Many of the environments, including the mainframe, can be both ‘loosely’ and ‘tightly’ coupled and housed on complex multi-platform architecture.
But as I said earlier, to gain full value from the transformation process, enterprises must apply a more holistic ‘System Thinking’ and include all of their pipelines.
“Slow change may pull us apart”
While these challenges on the mainframe are not ubiquitous, the result of this is a delivery gap. Whether using terms such as modern versus legacy or more realistically systems of record vs system of engagement, the issue is that these two parts of the business are delivering at different speeds.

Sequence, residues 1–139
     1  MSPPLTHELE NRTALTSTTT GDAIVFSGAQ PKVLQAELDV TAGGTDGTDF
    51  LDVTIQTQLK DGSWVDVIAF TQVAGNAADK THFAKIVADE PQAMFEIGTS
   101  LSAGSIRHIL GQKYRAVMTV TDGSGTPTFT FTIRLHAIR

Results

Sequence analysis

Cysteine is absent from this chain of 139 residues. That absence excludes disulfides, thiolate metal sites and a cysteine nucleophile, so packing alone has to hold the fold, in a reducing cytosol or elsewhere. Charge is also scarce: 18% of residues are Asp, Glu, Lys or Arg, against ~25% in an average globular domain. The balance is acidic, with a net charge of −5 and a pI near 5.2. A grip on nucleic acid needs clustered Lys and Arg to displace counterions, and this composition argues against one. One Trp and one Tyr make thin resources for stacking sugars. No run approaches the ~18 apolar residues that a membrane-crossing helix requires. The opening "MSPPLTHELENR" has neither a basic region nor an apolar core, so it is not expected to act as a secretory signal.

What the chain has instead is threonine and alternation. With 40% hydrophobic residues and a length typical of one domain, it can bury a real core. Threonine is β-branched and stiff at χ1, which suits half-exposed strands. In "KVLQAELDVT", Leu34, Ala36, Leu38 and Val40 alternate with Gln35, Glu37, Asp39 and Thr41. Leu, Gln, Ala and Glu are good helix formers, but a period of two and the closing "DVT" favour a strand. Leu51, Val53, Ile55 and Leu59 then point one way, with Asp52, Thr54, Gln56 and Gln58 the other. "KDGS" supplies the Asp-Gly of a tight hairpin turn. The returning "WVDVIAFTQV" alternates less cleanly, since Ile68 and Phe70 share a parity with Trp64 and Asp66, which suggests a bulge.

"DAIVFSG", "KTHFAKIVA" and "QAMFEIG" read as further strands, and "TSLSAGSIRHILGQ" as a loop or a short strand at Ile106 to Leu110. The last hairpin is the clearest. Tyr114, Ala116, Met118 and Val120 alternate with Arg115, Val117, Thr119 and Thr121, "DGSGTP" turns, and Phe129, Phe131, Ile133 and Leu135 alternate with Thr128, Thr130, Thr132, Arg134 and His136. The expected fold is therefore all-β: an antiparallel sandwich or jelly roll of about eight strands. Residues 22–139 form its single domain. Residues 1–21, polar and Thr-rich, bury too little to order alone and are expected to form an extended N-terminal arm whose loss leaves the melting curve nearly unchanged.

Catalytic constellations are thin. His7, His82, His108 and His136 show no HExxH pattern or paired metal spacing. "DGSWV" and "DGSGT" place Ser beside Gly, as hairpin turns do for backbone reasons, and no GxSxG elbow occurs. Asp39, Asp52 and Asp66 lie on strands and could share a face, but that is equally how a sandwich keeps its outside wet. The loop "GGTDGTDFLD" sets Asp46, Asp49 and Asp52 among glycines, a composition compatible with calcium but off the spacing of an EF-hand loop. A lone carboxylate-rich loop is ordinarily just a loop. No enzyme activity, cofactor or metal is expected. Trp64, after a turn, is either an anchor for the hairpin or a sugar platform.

If the new services offered on new mobile platforms are dependent on updates to the backend services provided on the mainframe then velocity will be throttled by how fast the slowest delivery pipeline can go.
And it this that is forcing enterprises to look at how DevOps principles can be applied to the teams delivering business applications to the mainframe.
“It’s my feeling we’ll win in the end”
So how to achieve this transformation?
The key thing is to look at incremental improvement – focus on the areas that are causing most pain and where an improvement can have a material impact in what you do.
Start small and ensure that the value of any change implemented can be demonstrated. This then provides a framework for a continual improvement process that demonstrates improvement at each stage.